As previously stated for our other videos this is not a perfect demonstration, but simply an example of what we practice in our Iaijutsu class at the Yoshukai Dojo in Dothan, Alabama. If you wish to see the real stuff, please refer to Masayuki Shimabukuro Sensei videos : Samurai Swordmanship



The Bunkai is our own interpretation of a situation where Zantotsuto could be used. There would be other interpretations, and I invite you to figure some out and post videos on Youtube for us to compare and discuss. Remember however that Sword Practice, even with a Boken (wooden sword) can generate serious wounds.

Good luck in your practice.

Friday, June 18, 2010

Zen and the Samurai : Yamaoka Tesshu

Yamaoka Tesshu was born in Edo (modern day Tokyo) in 1836. Tesshu was born into a samurai family. Tesshu practiced kendo from the age of nine, starting in the Shinkage Ryu Tradition. Later his family moved to Takayama where he studied Ono Ha Itto-Ryu.




When he was twenty-eight, Tesshu was defeated by a swordsman named Asari Gimei and became his student. Although larger and younger, Tesshu could not match his teacher’s mental state. During training sessions, Asari was known to force Tesshu all the way to the back of the dojo, then out into the street, knock him to the ground, and then slam the dojo door in his face. Confronted with this challenge, Tesshu increased his efforts in training and meditation continuously. 


Even when he was eating or sleeping, Tesshu was constantly thinking about fencing. He would sometimes wake up at night, jump out of bed, and get his wife to hold a sword so he could explore a new insight. Then, one morning in 1880, when he was 45 years old, Tesshu attained enlightenment while sitting in zazen.

Later that morning he went to the dojo to practice Kendo with Asari. Upon seeing Tesshu, Asari recognized at once that Tesshu had reached enlightenment. Asari, declined to fence with Tesshu, acknowledging Tesshu’s attainment by saying, “You have arrived.” 
  
Shortly after this, Tesshu went on to open his own school of fencing he named Mu To Ryu (Literally the School of No Sword).


Tesshu's Life is described by John Stevens in a beautiful book : The Sword of no Sword.

Thursday, June 17, 2010

In the beginning there was nothing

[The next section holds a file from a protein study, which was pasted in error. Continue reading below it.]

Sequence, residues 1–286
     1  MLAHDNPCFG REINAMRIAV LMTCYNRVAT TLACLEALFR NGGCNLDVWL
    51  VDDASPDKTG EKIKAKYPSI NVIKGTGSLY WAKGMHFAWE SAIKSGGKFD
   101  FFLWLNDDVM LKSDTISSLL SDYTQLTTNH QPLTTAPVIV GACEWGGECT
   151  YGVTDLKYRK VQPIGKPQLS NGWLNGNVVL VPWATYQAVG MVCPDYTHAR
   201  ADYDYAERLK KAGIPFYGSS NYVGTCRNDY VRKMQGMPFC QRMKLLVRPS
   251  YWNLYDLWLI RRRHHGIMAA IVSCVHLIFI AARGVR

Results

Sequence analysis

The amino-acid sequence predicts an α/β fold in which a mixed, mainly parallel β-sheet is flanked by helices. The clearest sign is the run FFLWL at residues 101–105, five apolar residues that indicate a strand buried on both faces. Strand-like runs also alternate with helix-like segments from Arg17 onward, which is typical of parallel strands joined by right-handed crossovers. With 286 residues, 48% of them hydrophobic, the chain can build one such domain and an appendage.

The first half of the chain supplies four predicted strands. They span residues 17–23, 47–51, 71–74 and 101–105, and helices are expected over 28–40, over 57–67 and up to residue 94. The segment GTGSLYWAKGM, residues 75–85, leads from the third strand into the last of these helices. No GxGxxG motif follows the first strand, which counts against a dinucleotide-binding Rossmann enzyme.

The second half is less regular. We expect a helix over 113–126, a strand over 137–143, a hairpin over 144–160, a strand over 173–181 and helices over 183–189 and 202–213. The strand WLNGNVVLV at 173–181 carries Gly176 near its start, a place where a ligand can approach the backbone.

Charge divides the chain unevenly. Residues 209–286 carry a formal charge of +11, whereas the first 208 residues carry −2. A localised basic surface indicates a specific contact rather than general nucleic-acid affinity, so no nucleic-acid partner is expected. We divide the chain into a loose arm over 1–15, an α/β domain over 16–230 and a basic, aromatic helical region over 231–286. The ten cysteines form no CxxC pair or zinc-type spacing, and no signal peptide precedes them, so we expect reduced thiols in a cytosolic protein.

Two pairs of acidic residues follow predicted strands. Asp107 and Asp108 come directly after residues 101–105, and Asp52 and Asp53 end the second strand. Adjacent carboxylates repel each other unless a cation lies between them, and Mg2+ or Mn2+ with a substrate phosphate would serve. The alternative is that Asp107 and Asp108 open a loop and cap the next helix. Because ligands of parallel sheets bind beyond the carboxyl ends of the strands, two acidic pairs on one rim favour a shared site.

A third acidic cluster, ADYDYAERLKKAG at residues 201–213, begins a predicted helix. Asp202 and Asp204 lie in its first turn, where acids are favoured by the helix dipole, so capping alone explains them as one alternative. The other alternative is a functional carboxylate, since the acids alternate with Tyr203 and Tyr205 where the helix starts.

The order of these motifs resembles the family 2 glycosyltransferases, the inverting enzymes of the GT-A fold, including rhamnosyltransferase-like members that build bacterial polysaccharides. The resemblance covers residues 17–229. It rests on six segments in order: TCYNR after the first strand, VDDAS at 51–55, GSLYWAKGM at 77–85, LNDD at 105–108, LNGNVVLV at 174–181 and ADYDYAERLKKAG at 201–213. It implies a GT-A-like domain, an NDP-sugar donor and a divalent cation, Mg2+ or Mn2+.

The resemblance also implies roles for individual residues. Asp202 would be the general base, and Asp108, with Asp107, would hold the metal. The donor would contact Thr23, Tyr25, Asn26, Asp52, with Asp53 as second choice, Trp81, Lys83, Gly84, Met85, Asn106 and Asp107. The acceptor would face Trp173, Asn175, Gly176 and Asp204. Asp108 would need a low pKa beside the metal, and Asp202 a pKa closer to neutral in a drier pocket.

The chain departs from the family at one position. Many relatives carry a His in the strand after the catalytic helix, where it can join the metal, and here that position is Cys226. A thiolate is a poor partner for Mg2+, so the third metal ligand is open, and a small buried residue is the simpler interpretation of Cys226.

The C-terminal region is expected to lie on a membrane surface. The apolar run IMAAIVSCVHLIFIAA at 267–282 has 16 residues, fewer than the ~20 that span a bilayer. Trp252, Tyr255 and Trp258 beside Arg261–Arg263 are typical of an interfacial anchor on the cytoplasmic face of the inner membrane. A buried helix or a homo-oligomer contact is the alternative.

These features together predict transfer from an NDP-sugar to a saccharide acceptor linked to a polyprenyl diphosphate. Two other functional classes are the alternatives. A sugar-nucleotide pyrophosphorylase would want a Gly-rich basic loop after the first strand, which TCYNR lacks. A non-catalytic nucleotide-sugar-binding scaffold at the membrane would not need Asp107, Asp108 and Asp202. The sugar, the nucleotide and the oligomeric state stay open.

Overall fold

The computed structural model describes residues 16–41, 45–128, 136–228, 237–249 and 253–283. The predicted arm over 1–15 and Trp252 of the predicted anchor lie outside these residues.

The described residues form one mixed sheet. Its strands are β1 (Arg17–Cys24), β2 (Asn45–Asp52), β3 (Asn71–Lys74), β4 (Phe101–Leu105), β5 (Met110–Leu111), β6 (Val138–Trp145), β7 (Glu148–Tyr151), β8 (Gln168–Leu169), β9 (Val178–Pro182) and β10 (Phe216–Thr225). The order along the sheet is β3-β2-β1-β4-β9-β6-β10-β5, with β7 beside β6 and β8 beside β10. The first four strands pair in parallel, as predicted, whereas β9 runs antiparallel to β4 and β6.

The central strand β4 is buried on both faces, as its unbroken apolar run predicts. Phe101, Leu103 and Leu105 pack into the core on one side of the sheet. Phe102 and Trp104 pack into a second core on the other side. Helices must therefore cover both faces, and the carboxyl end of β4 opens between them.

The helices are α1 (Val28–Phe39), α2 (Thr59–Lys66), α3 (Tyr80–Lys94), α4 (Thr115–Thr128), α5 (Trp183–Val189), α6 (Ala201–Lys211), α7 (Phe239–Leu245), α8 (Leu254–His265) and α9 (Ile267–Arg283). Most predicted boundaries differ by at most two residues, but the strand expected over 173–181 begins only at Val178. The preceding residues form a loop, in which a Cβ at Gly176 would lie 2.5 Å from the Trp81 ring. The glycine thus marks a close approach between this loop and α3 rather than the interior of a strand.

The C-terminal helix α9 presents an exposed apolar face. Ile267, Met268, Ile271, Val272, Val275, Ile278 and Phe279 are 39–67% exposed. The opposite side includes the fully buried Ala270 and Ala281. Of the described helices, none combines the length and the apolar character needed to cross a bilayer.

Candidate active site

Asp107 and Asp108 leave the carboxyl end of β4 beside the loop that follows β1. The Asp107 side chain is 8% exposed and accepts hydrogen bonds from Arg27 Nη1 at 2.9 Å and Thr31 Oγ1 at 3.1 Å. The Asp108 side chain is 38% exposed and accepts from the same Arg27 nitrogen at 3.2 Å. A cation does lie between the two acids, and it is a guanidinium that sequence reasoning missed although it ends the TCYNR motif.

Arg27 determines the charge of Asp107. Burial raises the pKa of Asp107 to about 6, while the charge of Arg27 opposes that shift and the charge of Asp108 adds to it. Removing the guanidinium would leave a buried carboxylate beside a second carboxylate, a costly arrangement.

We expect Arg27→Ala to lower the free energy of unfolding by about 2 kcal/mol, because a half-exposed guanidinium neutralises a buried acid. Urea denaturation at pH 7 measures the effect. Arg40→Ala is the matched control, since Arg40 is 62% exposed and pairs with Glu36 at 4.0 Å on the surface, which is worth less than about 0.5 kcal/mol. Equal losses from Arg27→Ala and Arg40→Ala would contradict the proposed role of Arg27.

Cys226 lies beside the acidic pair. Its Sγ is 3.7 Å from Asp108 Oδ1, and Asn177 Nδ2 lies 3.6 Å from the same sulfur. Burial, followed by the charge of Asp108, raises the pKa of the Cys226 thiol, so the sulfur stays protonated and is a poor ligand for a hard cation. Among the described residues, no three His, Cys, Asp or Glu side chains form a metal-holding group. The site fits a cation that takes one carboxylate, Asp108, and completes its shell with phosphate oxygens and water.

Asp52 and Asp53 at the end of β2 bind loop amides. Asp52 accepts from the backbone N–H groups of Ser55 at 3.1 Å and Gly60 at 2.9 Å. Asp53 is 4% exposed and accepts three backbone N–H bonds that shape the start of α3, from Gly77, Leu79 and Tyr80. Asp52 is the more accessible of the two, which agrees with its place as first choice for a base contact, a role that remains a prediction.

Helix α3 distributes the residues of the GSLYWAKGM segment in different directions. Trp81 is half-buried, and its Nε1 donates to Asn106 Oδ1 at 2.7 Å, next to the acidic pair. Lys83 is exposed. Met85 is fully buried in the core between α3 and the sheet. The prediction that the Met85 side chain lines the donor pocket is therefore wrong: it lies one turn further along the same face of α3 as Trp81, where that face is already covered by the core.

In the beginning there was nothing
And God said : "Let there be Light"
And there still was nothing.
But you could see it.
Genesis - revisited by Groucho Marx

The Tao produced One; One produced Two; Two produced Three;
Three produced All things.
All things leave behind them the Obscurity (out of which they have come),
and go forward to embrace the Brightness (into which they have emerged),
while they are harmonized by the Breath of Vacancy.
Tao Te Ching Chap 42

Shariputra,
Form does not differ from emptiness; emptiness does not differ from form.
Form itself is emptiness; emptiness itself is form.
Heart Sutra

Wednesday, June 16, 2010

IAIDO : Shato

This is another video taped at the Dothan Botanical Garden last Thursday with my students , first come a group practice of the Sword waza "Shato" which is the 4th one in a series named "Batto-Ho". Second comes the Bunkai practice of the same move.

Batto Ho is a group of waza common to several Styles of Iaido, including the one we study in Dothan and Pensacola : Muso Jikiden Eishin Ryu


Shato means "Diagonal sword" in this waza, Shidachi (the good guy) stops Uchidachi at high level and cuts him obliquely from Left to Right. Uchidachi jumps back and cuts. Shidachi parries in a sort of Ukenagashi move, and then cuts Uchidachi obliquely from Right to Left. The 2 diagonal cuts (Kesa Giri) are the reason for the name of this waza.




Of course, this is not a perfect demonstration of Shato. If you wish to see the real stuff, please refer to Masayuki Shimabukuro Sensei videos : Samurai Swordmanship

Still, we enjoyed the exercise.

The Bunkai part is our own interpretation of a situation where  Shato could be used. There would be other interpretations, but this once works, and we had a good time trying to figure it out, and practicing it.

Bunkai brings to your practice an element of reality. The Waza has to be adapted to the environment, the size of the opponent, the timing, distances... 

Also, once one has practiced a Bunkai, he or she may go back to solo-practice, and visualize what he or she could actually be doing !

Saturday, June 12, 2010

Bunkai

Last Thursday we went to the Dothan Botanical Garden to practice and tape Bunkai of 4 Bato-ho Waza : Tsuigekito, Shato, Zantotsuto and Zentekigyakuto.

Bunkai is a practical application of a solo practice move.

Bunkai can be very obvious, specially in basic kata such a Yoshukai Kion Kata Shodan, the moves are mostly combinations of inside middle blocks and direct front punch. 



In some other cases, such as old forms or kata which might have been modified for various reasons by generations of instructors, Bunkai may not be evident. When a master created a form, he might have had one, or several bunkai in mind for each move of the form. So there may be several possible and legitimate bunkai for every move or waza of a form, or kata.

Why practice Bunkai ? Because they bring an element of reality in our individual practice. Martial Arts are not about grace and elegance. Kata should be practiced to develop safe and automatic reactions to real life-threatening situations. If in our practice we perform an approximative, wrongly angled and timed move, in real life this may translate into injury.

So Bunkai practice with a skilled partner really attacking will help you feel and understand the actual meaning of the move. There is nothing like being hit to realize we were doing something wrong - or unskillful. It will also help you realize that the form (Kata - Waza) which some instructors insist is absolutely immutable has to be adapted to take into account size, distance and timing of an actual attack - if when you take one step as requested by the book you are too short, then take a second step...

Once you fine tuned your practice through bunkai practice with different partners of different size, speed and experience, then you can go back to your individual practice and visualize what you really are doing. This brings a totally different dimensions to your practice, and you will also realize the why's of some details you had never wondered about.